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  • Writer's pictureBarbara Emrys

The Gadget

Did you ever stop and ask yourself why you’re afraid, even when things are going well? And why do you get so cranky and combative in certain situations? We all accumulate a lot of poison– poison that corrupts our actions and conversations. But how does that happen? Where does that toxic stuff come from? What device is being used to inject it into our system, whether we want it or not?

I guess you know the answer by now. You are the device that administers the poison. You are the gadget, the gizmo. You are that little trick– the imagined voice, grumbling all day and stirring up trouble. It’s not that you want to; you may not even be aware you’re doing it. And that’s the problem. Not much will change in your world without a basic awareness of what you do.

These days, it seems necessary repeat certain messages, and often. Listen to yourself, is one. Don’t believe yourself is another. Oh, and there’s this one: don’t believe anyone else. Those are three great reminders, all of them intended to silence that pesky voice in your head.

Even if that voice wasn’t you, the same lessons would apply: don’t believe any of it, but listen. Listen, so you know how you talk to yourself, even when you’re not talking. Listen, just to see how your nervous system responds to other people’s stories. Listen, and notice how you react emotionally to things that aren’t even happening. Listen, and be discerning about what you believe. Listen, and expand your personal awareness.We all have access to wisdom. Spiritual teachings help us handle the challenges of being human. Our parents have their favorite proverbs and platitudes. Pop music gives us inspiring phrases. We can even ask our phones to deliver daily quotations. So, we have tools at hand, but sometimes we lack the will to apply those tools.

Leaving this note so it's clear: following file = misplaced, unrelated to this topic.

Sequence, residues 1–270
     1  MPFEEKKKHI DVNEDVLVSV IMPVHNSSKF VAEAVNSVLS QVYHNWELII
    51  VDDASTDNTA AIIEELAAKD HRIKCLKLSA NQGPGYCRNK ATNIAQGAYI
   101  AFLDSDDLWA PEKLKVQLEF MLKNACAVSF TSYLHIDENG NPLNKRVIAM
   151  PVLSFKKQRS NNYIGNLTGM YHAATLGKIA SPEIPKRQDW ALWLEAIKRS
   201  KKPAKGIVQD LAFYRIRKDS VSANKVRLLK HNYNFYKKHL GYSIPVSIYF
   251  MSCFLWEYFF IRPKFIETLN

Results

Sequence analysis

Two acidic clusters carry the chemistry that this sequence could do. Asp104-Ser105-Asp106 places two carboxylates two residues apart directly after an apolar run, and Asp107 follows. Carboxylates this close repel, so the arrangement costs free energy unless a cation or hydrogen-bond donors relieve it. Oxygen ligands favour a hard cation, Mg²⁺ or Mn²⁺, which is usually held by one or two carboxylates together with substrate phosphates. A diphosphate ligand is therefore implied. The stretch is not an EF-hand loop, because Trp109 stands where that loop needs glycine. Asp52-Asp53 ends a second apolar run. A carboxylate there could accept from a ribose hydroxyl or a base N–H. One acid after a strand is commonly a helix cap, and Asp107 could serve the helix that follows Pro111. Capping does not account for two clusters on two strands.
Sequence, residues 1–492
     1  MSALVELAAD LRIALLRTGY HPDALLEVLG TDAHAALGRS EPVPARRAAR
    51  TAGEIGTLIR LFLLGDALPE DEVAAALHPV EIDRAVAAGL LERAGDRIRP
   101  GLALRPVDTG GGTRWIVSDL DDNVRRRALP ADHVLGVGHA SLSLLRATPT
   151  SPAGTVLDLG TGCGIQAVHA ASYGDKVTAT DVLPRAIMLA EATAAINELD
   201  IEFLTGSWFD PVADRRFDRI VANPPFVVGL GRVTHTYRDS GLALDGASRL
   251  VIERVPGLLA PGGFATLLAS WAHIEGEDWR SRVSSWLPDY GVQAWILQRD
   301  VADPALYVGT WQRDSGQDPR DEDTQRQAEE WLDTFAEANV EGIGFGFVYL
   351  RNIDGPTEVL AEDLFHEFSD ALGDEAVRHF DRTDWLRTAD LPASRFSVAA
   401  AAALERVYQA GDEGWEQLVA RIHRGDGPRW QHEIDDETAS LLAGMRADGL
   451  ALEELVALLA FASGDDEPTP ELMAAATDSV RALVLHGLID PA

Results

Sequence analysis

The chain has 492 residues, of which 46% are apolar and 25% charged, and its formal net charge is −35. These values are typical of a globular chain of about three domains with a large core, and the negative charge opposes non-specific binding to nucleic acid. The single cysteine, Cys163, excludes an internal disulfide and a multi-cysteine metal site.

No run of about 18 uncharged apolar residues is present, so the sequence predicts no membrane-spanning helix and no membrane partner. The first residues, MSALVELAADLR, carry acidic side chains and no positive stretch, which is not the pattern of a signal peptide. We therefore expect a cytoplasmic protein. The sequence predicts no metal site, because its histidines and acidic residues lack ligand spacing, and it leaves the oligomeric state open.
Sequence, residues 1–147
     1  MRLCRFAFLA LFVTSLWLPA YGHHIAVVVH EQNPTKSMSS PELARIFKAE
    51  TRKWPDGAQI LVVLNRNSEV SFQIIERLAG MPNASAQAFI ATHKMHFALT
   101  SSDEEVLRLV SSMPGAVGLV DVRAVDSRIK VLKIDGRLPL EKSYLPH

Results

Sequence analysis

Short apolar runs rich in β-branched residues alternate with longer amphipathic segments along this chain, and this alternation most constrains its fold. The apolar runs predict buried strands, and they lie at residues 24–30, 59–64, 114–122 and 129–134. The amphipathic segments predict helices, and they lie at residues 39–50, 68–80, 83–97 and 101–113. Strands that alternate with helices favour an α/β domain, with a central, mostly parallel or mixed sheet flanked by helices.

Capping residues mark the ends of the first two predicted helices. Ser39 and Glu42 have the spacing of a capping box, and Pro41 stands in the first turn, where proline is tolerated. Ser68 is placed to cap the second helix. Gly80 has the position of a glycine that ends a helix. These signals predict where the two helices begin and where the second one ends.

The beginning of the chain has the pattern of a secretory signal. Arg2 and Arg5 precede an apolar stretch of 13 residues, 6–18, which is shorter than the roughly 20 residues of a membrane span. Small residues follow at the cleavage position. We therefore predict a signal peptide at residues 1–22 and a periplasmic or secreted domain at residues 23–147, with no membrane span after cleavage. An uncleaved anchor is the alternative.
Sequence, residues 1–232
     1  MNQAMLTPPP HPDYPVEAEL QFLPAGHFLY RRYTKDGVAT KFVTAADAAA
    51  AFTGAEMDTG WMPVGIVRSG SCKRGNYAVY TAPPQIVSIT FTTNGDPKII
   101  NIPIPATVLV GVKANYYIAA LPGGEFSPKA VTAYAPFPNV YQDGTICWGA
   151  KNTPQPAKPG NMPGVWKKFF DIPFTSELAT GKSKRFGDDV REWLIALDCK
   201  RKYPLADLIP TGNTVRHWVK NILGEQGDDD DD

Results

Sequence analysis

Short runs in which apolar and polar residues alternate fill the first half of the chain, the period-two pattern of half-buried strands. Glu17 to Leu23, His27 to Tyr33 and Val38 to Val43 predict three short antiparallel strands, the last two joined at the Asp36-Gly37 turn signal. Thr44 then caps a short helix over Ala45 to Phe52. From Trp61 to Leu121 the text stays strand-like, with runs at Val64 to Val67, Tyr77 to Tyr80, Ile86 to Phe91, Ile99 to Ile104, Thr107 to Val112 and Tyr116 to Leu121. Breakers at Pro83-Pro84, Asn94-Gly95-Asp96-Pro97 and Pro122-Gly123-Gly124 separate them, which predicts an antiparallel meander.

Maybe we reject a message because we don’t want to self-reflect; because we think self-reflection leads to unwelcome change. Maybe we don’t trust ourselves to be patient enough (or agile enough) to change. It could be we don’t trust words like truth, or transformation. Maybe we don’t trust the process. Or maybe, long ago, we stopped trusting the messengers.

And yet, we’re still trusting the voice in our heads. We believe almost everything it tells us, especially when our self-importance is at stake. We accept every assertion it makes, often with disturbing results. We let it hurt our relationships. We let it confuse us. We let it blind us. We let it drive us to righteous anger. And, when our insecurities get going, that voice can actually destroy us.

I’m sure you’ve heard this before: you can only change what you allow yourself to see. If you see that your thoughts and actions are hurting you, then it makes sense to change the way you think and act. Of course, you’d have to stop believing most of the things you tell yourself. And why wouldn’t you want to stop? Why would you put your faith in a voice that seems determined to mess with you?

You project your problems and aggravations onto others. They do the same to you– but what you can see you can change. You can put faith in you, rather than in your opinions. If you’re in the habit of making assumptions, you can abandon the habit. If you’re lying to yourself, you can make an effort to be more honest. If you take things too personally, you can stop it– and save yourself a lot of distress.

You can achieve so much by doing the kind of exercise that won’t even work up a sweat. You can exercise your will. Instead of going to the gym one day, you could ‘go to the source’ and deal with the noise inside your head. Instead of taking a walk, you could take inventory. Instead of following your favorite news commentator, you could follow your own running commentary.

You could listen to that little voice…and decide not to believe a word it says.

-Barbara Emrys

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